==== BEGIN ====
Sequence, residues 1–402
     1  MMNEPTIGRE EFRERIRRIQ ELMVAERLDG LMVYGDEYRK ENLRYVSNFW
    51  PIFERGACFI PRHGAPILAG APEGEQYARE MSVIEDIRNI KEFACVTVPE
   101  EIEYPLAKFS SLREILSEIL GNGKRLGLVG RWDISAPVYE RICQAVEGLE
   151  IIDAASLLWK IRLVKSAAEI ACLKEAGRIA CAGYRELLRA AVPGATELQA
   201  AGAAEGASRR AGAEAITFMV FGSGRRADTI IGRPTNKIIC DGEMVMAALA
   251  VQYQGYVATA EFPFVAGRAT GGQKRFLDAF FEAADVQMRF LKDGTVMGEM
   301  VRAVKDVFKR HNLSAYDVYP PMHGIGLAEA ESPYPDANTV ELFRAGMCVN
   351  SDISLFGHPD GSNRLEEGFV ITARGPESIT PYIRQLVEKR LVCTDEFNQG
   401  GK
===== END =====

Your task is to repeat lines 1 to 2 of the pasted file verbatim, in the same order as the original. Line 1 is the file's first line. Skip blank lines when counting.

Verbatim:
Sequence, residues 1–402
     1  MMNEPTIGRE EFRERIRRIQ ELMVAERLDG LMVYGDEYRK ENLRYVSNFW